Failure of Directly Observed Treatment Strategy (DOTS): A Setback on “Stopping TB in My Lifetime”?
Tuberculosis (TB) is one of the major healthcare problems faced by many developing countries across the globe. After the pandemic of HIV, it’s being seen in increasing incidence in the developed countries as well. According to the data published by World Health Organization (WHO), in the Year 2010, there were 8.8 million (range, 8.5–9.2 million) deaths reported from 198 countries among HIV-negative patients while 0.35 million (range, 0.32–0.39 million) deaths from HIV-associated TB patients.
In 2010, 5.7 million new cases of TB were reported. India and China accounted for 40% and Africa for another 24%. Its note worthy that only 22 countries share 82% of the global burden of the TB cases. In 2009, 87% of the pulmonary TB patients with smear positive status were treated successfully to smear negative, hence depicting the success in the treatment.
Pulmonary TB is the most common form of TB. The primary treatment regimen comprises four drugs namely, Isoniazid, Rifampin, Pyrazinamide, and Ethambutol for the first two months and then Rifampin and Isoniazid for the next four months. Lack of compliance and affordability of the TB drugs have been attributed to the failure in the treatment which lead to the development of Multi Drug Resistant TB (MDR-TB), defined as resistance to either Isoniazid or Rifampin. To overcome the problem of compliance, WHO initiated Directly Observed Treatment Strategy (DOT or DOTS) in 1995 for controlling TB. During the period of 1995 to 2010, a total of 55 million TB patients were treated under DOTS guidelines and 46 million were cured.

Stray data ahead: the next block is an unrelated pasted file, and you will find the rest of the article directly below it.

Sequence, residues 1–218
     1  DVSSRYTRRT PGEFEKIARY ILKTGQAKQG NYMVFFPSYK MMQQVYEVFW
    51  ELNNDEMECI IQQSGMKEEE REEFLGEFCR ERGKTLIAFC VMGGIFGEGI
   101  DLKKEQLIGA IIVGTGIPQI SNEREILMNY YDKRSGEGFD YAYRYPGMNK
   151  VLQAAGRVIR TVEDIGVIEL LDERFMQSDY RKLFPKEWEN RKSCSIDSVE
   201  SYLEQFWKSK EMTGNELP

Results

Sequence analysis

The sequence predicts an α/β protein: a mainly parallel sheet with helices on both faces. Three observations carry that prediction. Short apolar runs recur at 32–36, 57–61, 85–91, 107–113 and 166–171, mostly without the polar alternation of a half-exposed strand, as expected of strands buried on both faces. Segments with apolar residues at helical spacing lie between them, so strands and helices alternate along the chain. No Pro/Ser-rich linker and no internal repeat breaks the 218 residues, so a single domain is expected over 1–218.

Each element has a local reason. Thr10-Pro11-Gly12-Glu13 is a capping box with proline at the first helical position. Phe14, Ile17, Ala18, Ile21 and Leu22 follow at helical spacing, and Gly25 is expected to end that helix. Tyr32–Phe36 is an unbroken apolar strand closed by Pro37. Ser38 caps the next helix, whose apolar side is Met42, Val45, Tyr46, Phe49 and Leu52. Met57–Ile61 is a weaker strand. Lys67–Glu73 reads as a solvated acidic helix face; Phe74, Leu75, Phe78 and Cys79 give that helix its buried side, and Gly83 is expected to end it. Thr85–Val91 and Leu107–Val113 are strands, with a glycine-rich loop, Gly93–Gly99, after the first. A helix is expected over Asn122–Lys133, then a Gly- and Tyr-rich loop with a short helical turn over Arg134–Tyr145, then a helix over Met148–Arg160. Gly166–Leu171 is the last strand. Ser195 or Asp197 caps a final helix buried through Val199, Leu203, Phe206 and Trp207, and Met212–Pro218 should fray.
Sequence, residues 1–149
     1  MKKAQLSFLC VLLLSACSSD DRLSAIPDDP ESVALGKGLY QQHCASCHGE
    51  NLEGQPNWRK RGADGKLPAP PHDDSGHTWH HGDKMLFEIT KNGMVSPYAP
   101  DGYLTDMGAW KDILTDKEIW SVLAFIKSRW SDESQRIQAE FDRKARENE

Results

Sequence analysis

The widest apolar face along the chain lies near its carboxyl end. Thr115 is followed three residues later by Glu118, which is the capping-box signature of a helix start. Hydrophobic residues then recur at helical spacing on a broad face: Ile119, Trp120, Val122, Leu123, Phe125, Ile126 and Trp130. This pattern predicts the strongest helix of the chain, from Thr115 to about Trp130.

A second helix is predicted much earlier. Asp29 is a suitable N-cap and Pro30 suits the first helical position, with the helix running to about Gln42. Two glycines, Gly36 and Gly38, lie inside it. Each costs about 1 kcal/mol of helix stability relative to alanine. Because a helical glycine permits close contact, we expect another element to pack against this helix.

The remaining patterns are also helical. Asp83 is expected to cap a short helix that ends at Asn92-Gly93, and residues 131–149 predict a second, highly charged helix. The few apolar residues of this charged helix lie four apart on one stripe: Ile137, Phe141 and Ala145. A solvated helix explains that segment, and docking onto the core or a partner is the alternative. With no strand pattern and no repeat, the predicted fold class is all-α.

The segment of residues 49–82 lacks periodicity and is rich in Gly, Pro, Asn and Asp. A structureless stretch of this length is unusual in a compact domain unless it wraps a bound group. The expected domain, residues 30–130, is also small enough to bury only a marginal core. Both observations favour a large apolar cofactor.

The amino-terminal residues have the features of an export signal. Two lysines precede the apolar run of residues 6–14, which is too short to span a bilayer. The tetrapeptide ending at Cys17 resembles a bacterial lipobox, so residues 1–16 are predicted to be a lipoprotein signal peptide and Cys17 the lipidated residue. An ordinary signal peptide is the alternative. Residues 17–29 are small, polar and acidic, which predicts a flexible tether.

However, despite the vigor of DOTS, a new strain Extensively Drug-Resistant Tuberculosis (XDR-TB) has emerged. XDR-TB is resistance to any one of inject-able drug and any one of drug from the Quinolones. Repeated treatment strategy failures have led to the worse form of TB in the recent times, despite the successful application of DOTS.
In spite of the so called effective therapeutic strategies such as DOTS, more than 8 million people die of TB every year. A famous systematic review by Volmink J and Garner P, published in 2007 at the Cochrane Database, compared self administration of anti tuberculosis drugs versus DOT options for the patients for treating active or latent TB. The study included eleven randomized and quasi-randomized controlled trials with 5609 participants from low, middle and high income countries. There was no significant difference between DOTS and self administration for cure (RR 1.02, 95% CI 0.86 to 1.21). Moreover, there were similar results for cure with completion of the therapy. It is interesting to note that DOTS at home had a little more benefit than DOTS at clinics in terms of cure (RR 1.10, 95% CI 1.02 to 1.18).
Earlier this year, Azhar GS (Lung India. 2012 Apr-Jun; 29(2): 147–153) studied DOTS for TB relapse from India, a country which contributes to a major proportion of TB cases reported worldwide. He included seven trials and concluded that the relapse rate under DOTS treatment defined as relapse in first six months was more than 10%, which is higher than the studies from other countries.
From the available literature, it is obvious that DOTS has been in-effective in reducing the TB relapse, hence not fulfilling our expectations. “Stopping TB in My Lifetime”, the WHO’s TB slogan for 2012 will merely be a dream unless new effective strategies are developed to fight one of the worst infectious killer of mankind.